3. The sensor according to claim 2 wherein said photo-sensitive detector is a four-quadrant detector having four photo-sensitive elements of the same configuration disposed in a common plane about said aperture, each element subtending an angle of approximately and arranged to provide a voltage proportional to the light energy impinging thereon.

4. The sensor according to claim 3 wherein said lamp and said fiber optic pipe are positioned along said predetermined axis.

5. The sensor according to claim 1 wherein said housing is metal and further comprising:

a heat sink disposed within said housing about said lamp; and

means for conducting heat between said heat sink and said housing.

6. The sensor according to claim 1 wherein said narrow end of said fiber optic pipe is configured such that all of the light emitted therefrom impinges upon said lens system, and wherein the outer surface of said fiber optic pipe bears a light absorbant coating.

7. The sensor according to claim 1 wherein said housing includes a longitudinally-extending generally cylindrical bore within which said lamp, said fiber optic pipe, said photo-sensitive detector and said lens system are removably disposed.

8. The sensor according to claim 1 wherein said photo-sensitive detector is positioned off-axis with respect to said sensing beam, and further comprising a reflector positioned to direct toward said detector the light reflected by said body back through said lens systern.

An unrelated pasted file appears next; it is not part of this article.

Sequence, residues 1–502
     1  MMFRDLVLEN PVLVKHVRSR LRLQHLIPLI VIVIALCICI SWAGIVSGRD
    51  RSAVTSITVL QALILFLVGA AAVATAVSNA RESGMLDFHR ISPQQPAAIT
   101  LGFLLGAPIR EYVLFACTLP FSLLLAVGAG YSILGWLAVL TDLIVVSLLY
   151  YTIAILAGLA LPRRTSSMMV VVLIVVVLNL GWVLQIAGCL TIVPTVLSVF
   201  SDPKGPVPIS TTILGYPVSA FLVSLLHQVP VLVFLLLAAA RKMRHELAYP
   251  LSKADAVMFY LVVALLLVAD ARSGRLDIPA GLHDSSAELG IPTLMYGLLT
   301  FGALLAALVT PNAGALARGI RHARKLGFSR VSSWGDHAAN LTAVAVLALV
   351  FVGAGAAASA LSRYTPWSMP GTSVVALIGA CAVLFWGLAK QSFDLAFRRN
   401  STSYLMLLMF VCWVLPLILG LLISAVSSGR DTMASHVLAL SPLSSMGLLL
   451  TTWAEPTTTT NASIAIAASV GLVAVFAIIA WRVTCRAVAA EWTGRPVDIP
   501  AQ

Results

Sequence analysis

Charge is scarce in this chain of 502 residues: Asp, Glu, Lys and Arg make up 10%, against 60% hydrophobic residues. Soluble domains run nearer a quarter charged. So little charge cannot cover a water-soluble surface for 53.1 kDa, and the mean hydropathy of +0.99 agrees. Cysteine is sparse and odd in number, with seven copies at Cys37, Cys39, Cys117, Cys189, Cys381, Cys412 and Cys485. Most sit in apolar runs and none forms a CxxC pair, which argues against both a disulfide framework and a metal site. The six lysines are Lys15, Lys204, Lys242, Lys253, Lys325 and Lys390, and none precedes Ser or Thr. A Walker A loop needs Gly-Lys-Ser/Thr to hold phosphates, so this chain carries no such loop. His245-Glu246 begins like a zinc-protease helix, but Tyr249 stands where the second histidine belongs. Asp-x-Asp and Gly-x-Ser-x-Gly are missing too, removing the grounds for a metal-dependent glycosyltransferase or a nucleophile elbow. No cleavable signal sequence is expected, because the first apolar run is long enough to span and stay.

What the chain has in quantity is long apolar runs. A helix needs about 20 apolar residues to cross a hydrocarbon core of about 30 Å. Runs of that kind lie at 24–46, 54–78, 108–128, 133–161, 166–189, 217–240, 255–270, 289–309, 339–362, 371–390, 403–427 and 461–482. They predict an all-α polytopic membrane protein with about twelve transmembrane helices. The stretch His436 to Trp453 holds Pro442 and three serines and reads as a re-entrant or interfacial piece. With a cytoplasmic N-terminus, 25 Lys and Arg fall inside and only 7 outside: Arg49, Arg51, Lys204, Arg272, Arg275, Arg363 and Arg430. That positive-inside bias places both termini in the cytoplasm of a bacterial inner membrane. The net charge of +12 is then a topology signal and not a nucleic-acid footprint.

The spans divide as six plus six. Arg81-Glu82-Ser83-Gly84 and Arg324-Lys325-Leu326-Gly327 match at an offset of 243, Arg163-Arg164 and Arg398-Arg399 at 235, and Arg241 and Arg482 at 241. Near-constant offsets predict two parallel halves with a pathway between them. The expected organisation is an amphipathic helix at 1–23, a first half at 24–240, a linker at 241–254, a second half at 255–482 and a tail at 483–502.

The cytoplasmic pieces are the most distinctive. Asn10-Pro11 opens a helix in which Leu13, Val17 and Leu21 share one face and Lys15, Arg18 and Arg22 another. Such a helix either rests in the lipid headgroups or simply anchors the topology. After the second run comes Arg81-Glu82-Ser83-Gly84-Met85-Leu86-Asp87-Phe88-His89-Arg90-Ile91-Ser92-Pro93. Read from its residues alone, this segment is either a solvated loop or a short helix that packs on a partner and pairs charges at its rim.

9. The sensor according to claim 8 wherein said reflector includes an aperture through which said fiber optic pipe projects.

10. The sensor according to claim 1 wherein said sensing'beam is directed along said predetermined axis, and wherein said photo-sensitive detector includes means for providing signals having amplitudes proportional to displacement of said object normal to said predetermined axis.

11. The sensor according to claim 10 wherein said photo-sensitive detector is a four-quadrant detector having four photo-sensitive elements of the same configuration disposed in a common plane about said aperture, each element subtending an vangle of approximately 90 and arranged to provide a voltage proportional to the light energy impinging thereon.

12. The sensor according to claim 11 wherein said four photo-sensitive elements are each segmented into plural independent photo-sensitive segments positioned at different radial locations about the center of said detector, whereby the presence of reflected object image on different segments indicates different positions of said object along said predetermined axis.

13. The sensor according to claim 1 wherein said sensor beam is directed along said predetermined axis, and whrein said photo-sensitive detector includes means for providing signals as a function of the position of said object along said predetermined axis.

14. A sensor for determining the position of a body having a diffuse regularly configured surface, said sensor comprising: